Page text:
Florence was probably the stop I was looking forward to the most. As some of you know, I’m a slight art nerd, and the prospect of seeing Michelangelo’s David in person had me more than a little excited to reach the city. We actually took a train from Venice to Florence, which was the first long-distance journey I’d done via train. The ride went smoothly, and we made it to Florence in the early afternoon. After the trek to the hotel, we got a map of the city from the front desk, asked about the major sightseeing stops and where to find them, and planned our two days. It worked out that we were able to see David the first night, and we left the hotel to venture back into the city. Florence didn’t have the same closed-in atmosphere as Venice, and had wider streets and no canals. The tourist items for sale were also different. While Venice focused on blown glass items and masks, Florence was filled with leather goods for sale. It was interesting to see that even the tourist shops differed in the two cities.

When we reached the museum where David is located, we sort of did a double take. For a building housing one of the most famous statues in the world, the Accademia gallery was far more average looking than we anticipated. We also expected a longer line, but after waiting for about 10 minutes, we were in the building and had purchased tickets. Now, I hope I’m not spoiling anything by writing this, but one of the most incredible things about the David statue is the moment you see it. One second, you’re walking through a room with some paintings on the wall that you don’t recognize (and honestly, aren’t looking at very carefully because DAVID IS HERE SOMEWHERE), and when you turn the corner, you’re met by a long hallway, and through the arch at the end the statue is framed and is just suddenly there. It’s incredible that a marble statue can jump out at you like that. The hall to reach the statue is lined with unfinished works of Michelangelo, and the rough forms of men seem to reach through the marble as if struggling to get out of the stone. Even in their unfinished forms, the humanness of the statues is a little unnerving. You don’t even really see them to begin with, because David just draws you down the hallway. We were lucky to be there during a quieter hour, and there weren’t many people there. A couple of classes of students sat on the floor, being forced to sketch the statue by teachers, and their disinterest was obvious. The statue is on a pedestal, surrounded by a barrier to prevent you from getting too close. There are no benches in front of the statue, probably due to the massive crowds that I’m sure form there during rush hours. The ceiling forms a dome above the statue, and you can completely circle the room to see every angle of the work. I couldn’t believe how large David was. It’s easy to read that the statue is 30 something feet tall, but until you’re standing there attempting to stare without looking too creepy, I don’t think you can fully absorb that fact.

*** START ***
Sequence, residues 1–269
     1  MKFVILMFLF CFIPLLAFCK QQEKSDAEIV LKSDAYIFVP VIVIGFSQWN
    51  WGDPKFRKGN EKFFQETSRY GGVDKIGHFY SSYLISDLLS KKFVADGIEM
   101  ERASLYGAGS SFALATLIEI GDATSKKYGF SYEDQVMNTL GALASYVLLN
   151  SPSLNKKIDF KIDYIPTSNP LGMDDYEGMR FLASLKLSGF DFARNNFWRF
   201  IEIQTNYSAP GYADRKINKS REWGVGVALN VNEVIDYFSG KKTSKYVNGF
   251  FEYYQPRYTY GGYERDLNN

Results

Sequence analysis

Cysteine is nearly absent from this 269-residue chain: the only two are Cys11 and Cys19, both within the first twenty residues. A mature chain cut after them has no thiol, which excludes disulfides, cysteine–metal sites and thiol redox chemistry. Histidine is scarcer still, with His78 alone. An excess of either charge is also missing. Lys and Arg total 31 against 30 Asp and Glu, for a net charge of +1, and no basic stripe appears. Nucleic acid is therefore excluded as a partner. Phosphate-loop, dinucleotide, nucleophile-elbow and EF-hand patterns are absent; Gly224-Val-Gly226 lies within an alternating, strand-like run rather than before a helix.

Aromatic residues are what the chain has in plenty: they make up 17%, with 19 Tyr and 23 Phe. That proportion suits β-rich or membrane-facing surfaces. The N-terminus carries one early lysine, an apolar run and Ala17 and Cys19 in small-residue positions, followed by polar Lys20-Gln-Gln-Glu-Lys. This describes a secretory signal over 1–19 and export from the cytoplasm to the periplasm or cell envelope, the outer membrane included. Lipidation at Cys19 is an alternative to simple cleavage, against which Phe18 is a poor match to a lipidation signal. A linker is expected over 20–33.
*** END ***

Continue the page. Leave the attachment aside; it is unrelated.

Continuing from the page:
Unfinished Michelangelo Work


Unfinished Michelangelo Work


The Man of the Hour


The Accademia

There’s not much I can say about the statue that hasn’t already been said, and my pictures are far worse than the ones you can find on google images. Needless to say I crossed off a major bucket list item, and seriously recommend seeing David in person someday. You don’t have to be an art nerd to appreciate that room.

After several attempts to drag ourselves away, we left the museum and went into the city to grab something to eat. We went to a couple bars, and stayed out late. We made it back to the hotel and woke up a little bit later than anticipated the next morning. The next day was filled with more art, more wandering, and me attempting to shake a slight hangover (oops). Another art-nerd moment happened when we went to the Uffizi Gallery, and saw Boticelli’s Birth of Venus and Primavera (Allegory of Spring). These are some of the most famous artworks ever created. The Uffizi gallery also has works by da Vinci, Michelangelo, and Raphael. It’s a beautiful museum, and I seriously recommend you see it at some point.

Our day in Florence ended at one of the highest points in the city. Our hotel concierge recommended a hilltop to watch the sunset. We were joined by many students who had spent a semester abroad in the city, and the as sun went down many champagne bottles popped and students cheered to a great semester. It was a happy coincidence that we were there, but we got to see a wonderful sunset that made the climb up the hill worth it.

IMG_4560IMG_4564.JPGGoodnight Florence